- Historic Sites
Frederick T. Gates And John D. Rockefeller
April 1955 | Volume 6, Issue 3
Although few general histories of the United States contain the name of Frederick T. Gates (1853-1929), he had a larger influence on American life than many a general or political leader who receives detailed notice. It is an ironic fact that whenever the name of this wise, careful, idealistic planner is mentioned, someone is sure to say, “Oh, you mean ‘Beta-Million’ Gates?"—a man antipodal in all his traits. In due course the impact of Frederick T. Gates (in association with John D. Rockefeller) upon the fast-changing nation of 1890-1925 will be properly recognized. He offered the highly unusual combination of a man creatively interested in religion and philanthropy, and at the same time extraordinarily shrewd and farsighted in business. Rockefeller in his Random Reminiscences speaks of this combination: “rare business ability, very highly developed and very honorably exercised,” and “a passion to accomplish some great and far-reaching benefits to mankind.” But more remarkable than his business ability or idealistic passion was his gift of imagination, his sense of large unexplored horizons.
Gates’s career falls into three main parts: his early association with the Baptist Church as minister, money-raiser, and chief reorganizer of its educational activities; his adventurous services as guardian and planner of Rockefeller’s investments; and his work as architect of foundations and other philanthropies which, taken as a group, perhaps show more statesman-like prevision than any others in our history.
Rockefeller’s account of his discovery of this extraordinary lieutenant is bare and colorless. “I had been planning to relieve myself of business cares,” he writes. “I was fortunate in making the acquaintance of Mr. Frederick T. Gates, who was then engaged in some work . . . which required him to travel extensively over the country, north, south, east, and west.” Behind these sentences lies a dramatic story. Actually Rockefeller had come to know Gates in the later 1880’s, when the question whether a great Baptist university should be established in New York or in Chicago divided the denomination. Gates, with William Rainey Harper of Yale, Dr. Thomas W. Goodspeed of Morgan Park Theological Seminary, and others, stood for Chicago; Dr. Augustus H. Strong, of the Rochester Theological Seminary, whose son had married Rockefeller’s daughter, stood for New York. Gates had been in the foreground when Rockefeller, in 1889, finally decided to found the new university in Chicago. Meanwhile, Rockefeller and he had been carefully studying each other.
Indeed, Rockefeller never chose an associate without meticulous scrutiny and investigation. Much of his success as an industrial organizer was attributable to the partners he had selected: Henry M. Flagler, John D. Archbold, Oliver H. Payne, and others. Gates tells an interesting story of how, when as a champion of the Western Baptists he was pressing the case for Chicago, Rockefeller had subjected him to something of an ordeal. They had lunched in New York to discuss the proposed university. Rockefeller suggested that as he was about to go to Cleveland, while Gates was returning to Chicago, they take the same train. They did so. Gates, then in his middle thirties, was rather awed by the magnate. He was struck by the neatness and quietness of Rockefeller’s dress, his avoidance of jewelry, his simple solution of the problem of tipping by holding out a handful of change to let porters take what they thought right. He was struck still more by the penetration of Rockefeller’s mind, the ease and simplicity of his speech. “The greatest man I have met,” he reported to his parents. “He is the broadest, clearest-headed, most universal in his sympathies, most calmly self-poised, most devoted to what he regards as duty, least influenced by considerations of position, or the authority of advocates of special causes.” Enthusiasm was always one of Gates’s traits.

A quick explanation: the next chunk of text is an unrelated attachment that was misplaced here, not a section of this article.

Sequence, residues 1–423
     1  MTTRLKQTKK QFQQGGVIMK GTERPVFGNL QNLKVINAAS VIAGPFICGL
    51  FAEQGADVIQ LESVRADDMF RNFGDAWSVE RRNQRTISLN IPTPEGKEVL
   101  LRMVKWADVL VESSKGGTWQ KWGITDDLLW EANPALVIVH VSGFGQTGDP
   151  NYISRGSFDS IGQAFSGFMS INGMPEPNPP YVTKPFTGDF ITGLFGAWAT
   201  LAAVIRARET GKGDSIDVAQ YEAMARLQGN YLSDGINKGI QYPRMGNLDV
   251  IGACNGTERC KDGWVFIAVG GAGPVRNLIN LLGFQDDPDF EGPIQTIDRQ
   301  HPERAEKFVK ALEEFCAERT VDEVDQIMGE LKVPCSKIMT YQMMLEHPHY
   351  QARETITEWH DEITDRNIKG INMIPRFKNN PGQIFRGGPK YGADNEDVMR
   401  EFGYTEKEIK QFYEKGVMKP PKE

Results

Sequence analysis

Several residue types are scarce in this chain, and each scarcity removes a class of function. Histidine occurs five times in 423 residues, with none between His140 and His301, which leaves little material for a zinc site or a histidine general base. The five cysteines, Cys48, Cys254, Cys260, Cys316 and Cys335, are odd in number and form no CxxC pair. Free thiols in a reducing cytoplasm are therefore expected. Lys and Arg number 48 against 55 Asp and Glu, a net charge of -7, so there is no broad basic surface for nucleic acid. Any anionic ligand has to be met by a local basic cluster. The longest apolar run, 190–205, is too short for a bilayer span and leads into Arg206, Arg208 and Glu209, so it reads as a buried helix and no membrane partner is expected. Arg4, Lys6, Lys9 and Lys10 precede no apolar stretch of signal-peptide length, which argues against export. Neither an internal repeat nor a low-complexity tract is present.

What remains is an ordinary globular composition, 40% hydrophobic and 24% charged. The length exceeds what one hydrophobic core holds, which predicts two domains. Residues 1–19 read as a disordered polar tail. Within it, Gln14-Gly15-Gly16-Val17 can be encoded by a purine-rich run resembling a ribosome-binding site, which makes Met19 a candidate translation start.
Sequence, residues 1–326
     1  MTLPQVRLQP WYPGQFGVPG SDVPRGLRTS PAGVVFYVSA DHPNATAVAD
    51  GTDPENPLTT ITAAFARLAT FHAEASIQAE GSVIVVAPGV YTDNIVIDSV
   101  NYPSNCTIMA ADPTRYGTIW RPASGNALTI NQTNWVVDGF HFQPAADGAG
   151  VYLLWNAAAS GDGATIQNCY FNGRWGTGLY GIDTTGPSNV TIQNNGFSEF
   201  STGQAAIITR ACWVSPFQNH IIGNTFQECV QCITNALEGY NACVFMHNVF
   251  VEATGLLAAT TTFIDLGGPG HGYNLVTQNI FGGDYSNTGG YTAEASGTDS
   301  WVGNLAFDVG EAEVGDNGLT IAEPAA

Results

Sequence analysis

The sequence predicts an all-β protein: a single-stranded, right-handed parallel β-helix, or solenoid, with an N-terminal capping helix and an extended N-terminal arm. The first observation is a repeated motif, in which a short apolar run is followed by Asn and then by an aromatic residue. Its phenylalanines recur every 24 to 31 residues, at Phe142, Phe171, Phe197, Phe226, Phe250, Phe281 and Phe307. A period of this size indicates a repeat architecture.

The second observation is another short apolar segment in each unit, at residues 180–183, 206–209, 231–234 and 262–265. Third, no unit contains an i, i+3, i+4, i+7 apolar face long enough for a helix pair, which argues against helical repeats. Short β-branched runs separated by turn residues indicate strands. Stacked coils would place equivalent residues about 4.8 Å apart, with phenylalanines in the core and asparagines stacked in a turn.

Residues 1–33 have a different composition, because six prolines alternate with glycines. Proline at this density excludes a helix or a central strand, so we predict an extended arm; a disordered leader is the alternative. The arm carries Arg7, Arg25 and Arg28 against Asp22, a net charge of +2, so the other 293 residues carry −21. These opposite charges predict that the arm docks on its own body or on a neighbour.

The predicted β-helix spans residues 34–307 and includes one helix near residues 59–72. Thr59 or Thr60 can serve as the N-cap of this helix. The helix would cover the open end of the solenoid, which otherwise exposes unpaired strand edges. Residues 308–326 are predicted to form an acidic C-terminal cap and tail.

But Rockefeller had proposed the trip not to discuss the university, but to look Gates over. The younger man waited vainly all evening for his companion to speak of higher education. Instead, Rockefeller talked probingly of general subjects. It became evident to Gates that he was being sized up; that his capacity, insight, and dependability were being weighed. And soon afterward, Rockefeller imposed some special tests. Hearing that Gates was going south, he asked the young man to look over an iron mill there. Gates turned in a model report, stating all the facts—though they reflected strongly on Rockefeller’s judgment or that of his advisers in this investment. A little later Gates made a western journey. “I gave him the name and address of property in that region in which I held a minority interest,” writes Rockefeller. “I felt quite sure that this particular property was doing well, and it was somewhat of a shock to me to learn through his clear and definite account that it was only a question of time before this enterprise, too, which had been represented as rolling in money, would get into trouble.” As soon as Rockefeller founded the University of Chicago, Gates joined Goodspeed in collecting funds and making initial plans for the institution. His address, earnestness, and vision in this work impressed Rockefeller.